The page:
Review | Starship: Flagship by Mike Resnick (Pyr)

Title: Starship: Flagship
Author: Mike Resnick
Publisher: Pyr
Format: Hardback
Release Date: December 2009

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The date is 1970 of the Galactic Era, almost three thousand years from now, and the Republic, created by the human race but not yet dominated by it, finds itself in an all-out war against the Teroni Federation, an alliance of races that resent Man's growing military and economic power.

The rebel starship, the Theodore Roosevelt, under the command of Wilson Cole, is preparing to lead Cole's ragtag armada into the Republic, even though he is outnumbered thousands to one. Cole is convinced that the government has become an arrogant and unfeeling political entity and must be overthrown.

The trick is to avoid armed conflict with the vast array of ships, numbering in the millions, in the Republic's Navy. For a time Cole's forces strike from cover and race off to safety, but he soon sees that is no way to conquer the mightiest political and military machine in the history of the galaxy. He realizes that he must reach Deluros VIII, the headquarters world of the Republic (and of the race of Man), in order to have any effect on the government at all—but Deluros VIII is the best-protected world in the Republic.

But a new threat looms on the horizon. Cole, the Valkyrie, David Copperfield, Sharon Blacksmith, Jacovic, and the rest of the crew of the Teddy R face their greatest challenge yet, and the outcome will determine the fate of the entire galaxy.
And so I reach the final book in the Starship series, Starship: Flagship. I've loved this series so far and enjoyed all the books to date - Mutiny, Pirate, Mercenary and Rebel - with very little reservations. To say I was anticipating this would be an understatement and I only hoped it could provide the same enjoyment that I had come to expect from the series. Did it hit the right notes? Well, not exactly, but it was still a very enjoyable novel.

In the aftermath of the Republic attack on Singapore Station Wilson Cole and his fleet of ships aims to do the unthinkable - take the fight to the Republic capital world. Leaving Singapore Station to the mercy of the next incoming Republic fleet leaves a bitter taste in many a mouth, but they know it is the right thing to do, hoping the Republic will leave it alone when they can't find Cole. With hundreds of ships under his command the effort to rid the Inner Frontier of the Republic is still underway and is slowly having an effect, and with allies from within the Republic helping their cause, and a surprise find, Cole is able to make strategic decisions that will help improve their chances to a great degree.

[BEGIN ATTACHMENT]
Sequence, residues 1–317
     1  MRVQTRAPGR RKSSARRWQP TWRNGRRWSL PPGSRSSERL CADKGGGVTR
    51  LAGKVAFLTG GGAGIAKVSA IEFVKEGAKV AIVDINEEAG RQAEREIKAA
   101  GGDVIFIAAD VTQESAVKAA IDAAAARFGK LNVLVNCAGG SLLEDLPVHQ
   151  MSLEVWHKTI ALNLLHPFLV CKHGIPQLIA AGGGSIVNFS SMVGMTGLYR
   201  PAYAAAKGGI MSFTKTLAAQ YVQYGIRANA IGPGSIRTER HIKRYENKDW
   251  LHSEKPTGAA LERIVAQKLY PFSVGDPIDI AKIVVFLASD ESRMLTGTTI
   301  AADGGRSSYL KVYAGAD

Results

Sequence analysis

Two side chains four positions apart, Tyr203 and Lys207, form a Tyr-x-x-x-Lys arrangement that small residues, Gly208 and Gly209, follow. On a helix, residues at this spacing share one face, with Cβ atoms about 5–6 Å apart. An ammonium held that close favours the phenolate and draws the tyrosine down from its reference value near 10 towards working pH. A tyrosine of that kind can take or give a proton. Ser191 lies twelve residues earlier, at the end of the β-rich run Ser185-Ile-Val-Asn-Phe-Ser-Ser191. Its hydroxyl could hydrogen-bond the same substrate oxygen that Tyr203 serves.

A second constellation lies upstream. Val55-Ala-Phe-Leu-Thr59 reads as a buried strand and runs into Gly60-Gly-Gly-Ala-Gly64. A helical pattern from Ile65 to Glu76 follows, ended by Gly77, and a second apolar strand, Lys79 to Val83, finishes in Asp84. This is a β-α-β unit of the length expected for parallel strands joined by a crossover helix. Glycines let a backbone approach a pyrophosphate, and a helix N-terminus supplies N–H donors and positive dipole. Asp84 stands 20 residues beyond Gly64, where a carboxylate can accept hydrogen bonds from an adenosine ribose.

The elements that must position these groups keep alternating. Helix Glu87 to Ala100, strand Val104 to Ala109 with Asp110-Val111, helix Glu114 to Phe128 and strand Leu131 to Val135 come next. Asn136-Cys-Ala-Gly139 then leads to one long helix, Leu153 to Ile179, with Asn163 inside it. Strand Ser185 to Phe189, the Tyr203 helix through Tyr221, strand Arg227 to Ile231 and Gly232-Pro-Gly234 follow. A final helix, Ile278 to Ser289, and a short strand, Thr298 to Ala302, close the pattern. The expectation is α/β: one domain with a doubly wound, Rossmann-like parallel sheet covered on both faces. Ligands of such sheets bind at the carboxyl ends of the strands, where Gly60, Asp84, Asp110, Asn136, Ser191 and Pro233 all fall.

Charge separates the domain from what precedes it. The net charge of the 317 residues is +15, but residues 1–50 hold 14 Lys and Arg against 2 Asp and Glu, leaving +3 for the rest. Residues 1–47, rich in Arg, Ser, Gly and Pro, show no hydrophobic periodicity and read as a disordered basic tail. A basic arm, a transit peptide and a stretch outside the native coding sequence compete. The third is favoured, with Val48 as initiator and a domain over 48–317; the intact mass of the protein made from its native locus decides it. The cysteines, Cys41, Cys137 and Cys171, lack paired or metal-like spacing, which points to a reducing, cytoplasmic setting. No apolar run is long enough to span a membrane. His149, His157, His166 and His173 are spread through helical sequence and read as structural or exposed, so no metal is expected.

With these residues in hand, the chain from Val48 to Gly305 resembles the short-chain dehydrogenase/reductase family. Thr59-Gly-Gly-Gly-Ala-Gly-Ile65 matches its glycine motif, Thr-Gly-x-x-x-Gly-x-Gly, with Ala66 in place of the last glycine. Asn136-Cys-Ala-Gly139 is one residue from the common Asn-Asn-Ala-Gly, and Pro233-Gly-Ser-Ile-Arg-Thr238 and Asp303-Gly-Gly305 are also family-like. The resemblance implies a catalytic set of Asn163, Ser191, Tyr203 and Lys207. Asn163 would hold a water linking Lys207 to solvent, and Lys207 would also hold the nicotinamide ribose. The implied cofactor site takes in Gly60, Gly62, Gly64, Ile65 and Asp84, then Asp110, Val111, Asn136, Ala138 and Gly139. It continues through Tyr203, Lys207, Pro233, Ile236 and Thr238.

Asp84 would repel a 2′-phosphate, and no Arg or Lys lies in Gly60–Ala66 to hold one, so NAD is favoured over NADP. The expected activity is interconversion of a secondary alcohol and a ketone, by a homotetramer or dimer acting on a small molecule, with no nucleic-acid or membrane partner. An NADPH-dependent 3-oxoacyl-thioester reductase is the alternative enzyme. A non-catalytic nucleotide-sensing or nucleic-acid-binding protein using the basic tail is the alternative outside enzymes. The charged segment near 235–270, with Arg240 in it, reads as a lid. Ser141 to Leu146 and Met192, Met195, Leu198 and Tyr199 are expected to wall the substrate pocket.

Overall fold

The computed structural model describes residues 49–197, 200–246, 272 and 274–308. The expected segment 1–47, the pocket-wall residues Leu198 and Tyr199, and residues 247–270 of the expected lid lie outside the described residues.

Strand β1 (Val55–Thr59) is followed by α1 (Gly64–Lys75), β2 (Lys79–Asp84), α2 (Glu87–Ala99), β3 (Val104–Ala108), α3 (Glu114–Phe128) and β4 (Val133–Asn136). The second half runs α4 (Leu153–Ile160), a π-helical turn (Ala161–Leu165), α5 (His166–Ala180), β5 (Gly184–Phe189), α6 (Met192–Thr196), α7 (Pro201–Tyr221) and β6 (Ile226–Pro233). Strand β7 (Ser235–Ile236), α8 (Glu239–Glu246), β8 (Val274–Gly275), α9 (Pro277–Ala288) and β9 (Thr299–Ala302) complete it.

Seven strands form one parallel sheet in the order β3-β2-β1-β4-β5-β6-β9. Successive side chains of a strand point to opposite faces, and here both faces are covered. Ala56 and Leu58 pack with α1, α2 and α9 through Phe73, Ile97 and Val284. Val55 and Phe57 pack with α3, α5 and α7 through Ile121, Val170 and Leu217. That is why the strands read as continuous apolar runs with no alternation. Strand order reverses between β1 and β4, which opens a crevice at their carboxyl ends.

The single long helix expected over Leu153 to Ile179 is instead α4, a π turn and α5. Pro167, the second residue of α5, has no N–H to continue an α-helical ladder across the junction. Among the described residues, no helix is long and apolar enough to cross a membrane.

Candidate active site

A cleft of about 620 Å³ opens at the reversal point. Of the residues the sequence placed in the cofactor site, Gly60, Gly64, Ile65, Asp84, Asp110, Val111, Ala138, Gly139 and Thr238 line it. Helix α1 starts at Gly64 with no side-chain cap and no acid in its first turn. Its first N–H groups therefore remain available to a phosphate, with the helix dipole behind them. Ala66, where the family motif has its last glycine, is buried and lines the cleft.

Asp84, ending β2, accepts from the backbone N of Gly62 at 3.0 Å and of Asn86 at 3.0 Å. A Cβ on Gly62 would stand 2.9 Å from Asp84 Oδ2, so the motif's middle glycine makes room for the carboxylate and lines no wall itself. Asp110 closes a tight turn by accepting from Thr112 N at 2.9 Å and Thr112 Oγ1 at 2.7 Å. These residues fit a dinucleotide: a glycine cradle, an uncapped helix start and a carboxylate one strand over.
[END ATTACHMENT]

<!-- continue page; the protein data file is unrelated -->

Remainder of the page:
With the risk of sounding like a broken record, I'll once again say how well the characters Resnick writes work in Flagship. Cole is now focused on a course of action and his associates are helping him with what is needed, as is the crew of the Teddy R. His discussions with people like Sharron help flesh out his thinking and allow us to get the motivations and processes he's going through. All well and good, especially as this is one of the aspects of the series that has worked so well.

And to the story. Well, for the first two thirds of the novel the story was continuing at a good pace, logically following on from Rebel and taking the situations as they come, each time managing to think their way out of too much trouble. When Cole finally gets to the Republic's capital events take a very unexpected turn. Suddenly the planet is attacked by an alien race that appears from nowhere and Cole finds himself the only one that could save the Republic he's come disband. It just doesn't feel like a natural progression to me, more like this should have been two separate books but due to constraints everything was thrown in. A bit of a shame as the book was on course to wrap the series up very nicely indeed.

Starship: Flagship is a good book let down by a situation that just pops up to serve as a plot point, but it does leave the universe in a very interesting place, and if any follow up stories were done they'd certainly have plenty to go on. I'd definitely recommend this book if you've read the rest of the series, but don't jump in here - the four previous books are well worth the effort and all are a step above this one.

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